(like the UAV) is not available in every mission. Run out of ammo and find
yourself without a MULE? Players will occasionally have other forms of support
at their disposal, such as air strikes and mortar attacks.

Players can switch between two modes
of engagement — attack and recon. When in attack mode, your squadies will, of
course, shoot on sight, but order them into recon mode and they will live up to
their team namesake and switch to silenced weapons (assuming you have outfitted
them prior to deployment) and avoid firing until fired upon.

The action in GRAW 2 is generally
quite intense, and quite deadly. As fans of the first title will expect, GRAW2
has some serious bite. The earlier portions of the game are, perhaps, a bit
easier, but notch up the difficulty to hard and you will really have to be on
guard to keep from getting mowed down in firefights, especially in some of the
later levels, which can get hairy quickly. Strategic use of cover and developing
a keen situational awareness are the keys to success.

In order to help you maintain that
keen situational awareness, GRAW 2 features a tactical map that will allow you
to plot and coordinate the movements, attacks, and rules of engagement of your
squad. Nice touch for those who are more interested in more methodical gameplay.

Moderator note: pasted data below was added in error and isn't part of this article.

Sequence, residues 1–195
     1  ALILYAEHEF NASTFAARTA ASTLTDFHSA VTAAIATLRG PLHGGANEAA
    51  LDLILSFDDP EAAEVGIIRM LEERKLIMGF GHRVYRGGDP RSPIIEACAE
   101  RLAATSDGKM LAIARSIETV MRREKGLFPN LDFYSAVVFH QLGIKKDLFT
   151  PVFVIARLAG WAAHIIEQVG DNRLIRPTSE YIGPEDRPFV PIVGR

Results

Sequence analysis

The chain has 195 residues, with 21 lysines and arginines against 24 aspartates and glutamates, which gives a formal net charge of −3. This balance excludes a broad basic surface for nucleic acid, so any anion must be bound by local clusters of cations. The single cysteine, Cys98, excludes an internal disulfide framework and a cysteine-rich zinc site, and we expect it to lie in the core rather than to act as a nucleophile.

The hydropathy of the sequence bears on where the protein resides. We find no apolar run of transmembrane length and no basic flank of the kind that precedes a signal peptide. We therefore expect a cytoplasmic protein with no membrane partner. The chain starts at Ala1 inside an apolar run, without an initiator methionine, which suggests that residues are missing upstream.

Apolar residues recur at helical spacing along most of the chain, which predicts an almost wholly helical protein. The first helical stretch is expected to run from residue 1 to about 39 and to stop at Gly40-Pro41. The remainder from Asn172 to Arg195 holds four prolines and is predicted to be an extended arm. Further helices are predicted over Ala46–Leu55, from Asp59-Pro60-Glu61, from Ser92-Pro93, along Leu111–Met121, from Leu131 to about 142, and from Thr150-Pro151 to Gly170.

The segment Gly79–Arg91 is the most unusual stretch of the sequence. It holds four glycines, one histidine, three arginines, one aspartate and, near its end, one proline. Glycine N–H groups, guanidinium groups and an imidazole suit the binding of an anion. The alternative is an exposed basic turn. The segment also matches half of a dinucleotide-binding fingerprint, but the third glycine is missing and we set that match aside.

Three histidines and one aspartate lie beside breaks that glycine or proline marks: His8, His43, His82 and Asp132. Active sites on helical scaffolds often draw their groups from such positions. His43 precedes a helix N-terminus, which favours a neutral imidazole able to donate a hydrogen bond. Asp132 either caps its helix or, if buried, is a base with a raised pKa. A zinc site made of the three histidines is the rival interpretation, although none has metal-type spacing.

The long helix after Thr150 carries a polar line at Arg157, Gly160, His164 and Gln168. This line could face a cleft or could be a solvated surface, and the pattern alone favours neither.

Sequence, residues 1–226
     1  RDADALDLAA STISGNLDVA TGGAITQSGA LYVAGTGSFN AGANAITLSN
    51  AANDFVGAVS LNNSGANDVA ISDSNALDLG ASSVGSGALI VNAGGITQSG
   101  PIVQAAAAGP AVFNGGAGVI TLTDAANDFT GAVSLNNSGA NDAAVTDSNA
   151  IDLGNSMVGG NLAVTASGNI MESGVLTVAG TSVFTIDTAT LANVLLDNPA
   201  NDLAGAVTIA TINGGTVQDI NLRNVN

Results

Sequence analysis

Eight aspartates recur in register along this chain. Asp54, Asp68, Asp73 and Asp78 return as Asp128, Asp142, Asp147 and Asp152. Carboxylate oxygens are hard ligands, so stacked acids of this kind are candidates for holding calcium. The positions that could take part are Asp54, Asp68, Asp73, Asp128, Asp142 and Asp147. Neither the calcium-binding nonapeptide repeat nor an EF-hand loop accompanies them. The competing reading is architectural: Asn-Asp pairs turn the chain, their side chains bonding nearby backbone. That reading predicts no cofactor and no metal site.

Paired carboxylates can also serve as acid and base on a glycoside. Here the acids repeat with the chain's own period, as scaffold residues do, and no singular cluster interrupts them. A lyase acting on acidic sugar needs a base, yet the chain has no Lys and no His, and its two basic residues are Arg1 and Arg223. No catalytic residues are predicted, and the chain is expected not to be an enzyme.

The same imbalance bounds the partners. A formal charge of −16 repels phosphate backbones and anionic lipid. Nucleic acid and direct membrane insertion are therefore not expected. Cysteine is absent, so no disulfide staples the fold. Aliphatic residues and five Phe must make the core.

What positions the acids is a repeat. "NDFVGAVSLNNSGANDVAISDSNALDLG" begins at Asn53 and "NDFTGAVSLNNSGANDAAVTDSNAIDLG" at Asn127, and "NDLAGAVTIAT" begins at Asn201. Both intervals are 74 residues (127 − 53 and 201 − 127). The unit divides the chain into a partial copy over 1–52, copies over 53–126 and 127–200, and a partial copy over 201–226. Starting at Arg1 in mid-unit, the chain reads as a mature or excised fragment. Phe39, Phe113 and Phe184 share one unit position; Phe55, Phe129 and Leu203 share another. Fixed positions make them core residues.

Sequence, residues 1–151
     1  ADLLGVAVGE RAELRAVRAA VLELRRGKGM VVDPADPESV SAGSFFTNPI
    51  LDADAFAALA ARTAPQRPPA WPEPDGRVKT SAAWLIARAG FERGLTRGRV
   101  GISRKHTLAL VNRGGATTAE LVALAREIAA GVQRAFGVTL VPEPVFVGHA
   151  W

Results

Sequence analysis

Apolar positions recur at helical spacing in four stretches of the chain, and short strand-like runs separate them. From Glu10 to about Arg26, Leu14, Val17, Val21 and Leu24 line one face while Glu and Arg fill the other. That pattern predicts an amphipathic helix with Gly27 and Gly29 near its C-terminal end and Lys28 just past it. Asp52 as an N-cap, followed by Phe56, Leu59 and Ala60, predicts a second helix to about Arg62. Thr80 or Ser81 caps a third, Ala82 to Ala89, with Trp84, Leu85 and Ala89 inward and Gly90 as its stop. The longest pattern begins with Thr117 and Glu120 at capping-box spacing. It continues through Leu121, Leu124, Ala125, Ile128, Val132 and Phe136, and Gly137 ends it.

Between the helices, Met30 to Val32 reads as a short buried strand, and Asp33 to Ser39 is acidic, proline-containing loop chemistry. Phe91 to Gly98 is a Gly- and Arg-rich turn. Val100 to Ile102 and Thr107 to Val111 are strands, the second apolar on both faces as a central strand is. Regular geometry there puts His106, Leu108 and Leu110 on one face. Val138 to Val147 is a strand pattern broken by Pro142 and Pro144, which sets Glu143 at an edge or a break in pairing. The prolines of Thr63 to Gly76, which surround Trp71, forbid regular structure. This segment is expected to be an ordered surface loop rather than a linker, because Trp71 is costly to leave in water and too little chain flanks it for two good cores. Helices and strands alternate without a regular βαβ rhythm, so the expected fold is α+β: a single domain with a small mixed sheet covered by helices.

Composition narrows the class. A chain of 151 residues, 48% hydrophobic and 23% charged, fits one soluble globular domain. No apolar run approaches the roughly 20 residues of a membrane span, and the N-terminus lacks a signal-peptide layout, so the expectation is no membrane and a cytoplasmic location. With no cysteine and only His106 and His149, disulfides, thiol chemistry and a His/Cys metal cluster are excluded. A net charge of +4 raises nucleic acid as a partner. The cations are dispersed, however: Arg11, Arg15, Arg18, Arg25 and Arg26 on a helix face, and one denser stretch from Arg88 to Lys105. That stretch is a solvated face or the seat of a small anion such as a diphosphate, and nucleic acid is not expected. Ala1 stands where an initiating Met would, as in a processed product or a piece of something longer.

Or, if you aren’t interested in choreographing your squad’s every move, you can
opt not to take advantage of this particular feature. For what it’s worth, I
tend to use the map just to get a lay of the land, instead of setting specific
routes and actions for squad members.

Players will find themselves trying
to fulfill a number of varied objectives as they make their way through the
game. For instance, early on, you have to fight your way through resistance in a
small village to get access to anti-aircraft guns that need to be taken out
while another mission has you taking on a nest of rebels desperately trying hold
their ground. There aren’t any groundbreaking tasks you’ll be asked to complete,
but they are varied and strongly linked to the story.

You will often have at least two
ways of approaching a particular situation—direct assault or using stealth to
position your squad to optimize their chances of success. The stealth option
isn’t always available, but does have a strong enough presence to be considered
a viable gameplay option. GRAW 2 is by no means a “sandbox” game, but its level
design is flexible enough to allow for more than style gameplay. It is
particularly satisfying when you can flank the enemy and take down quick and
quietly from behind.

As one would expect, GRAW 2 boasts
an impressive array of weapons ranging from pistols to fully automatic assault
rifles and grenade launchers, each exquisitely modeled and textured. Players are
granted a number of weapon customization options, but, as before, must stay
mindful of their weight limits. Further, players will have access to all the
customization options from the very beginning, so you can fine tune your kit from
the get-go.

Once you have had your fill of the
single-player mode, the multiplayer modes are well worth plunging into. Unlike
its predecessor, GRAW 2 offers a well-developed cadre of multiplayer modes,
including deathmatch as well as team-oriented and cooperative play. With such a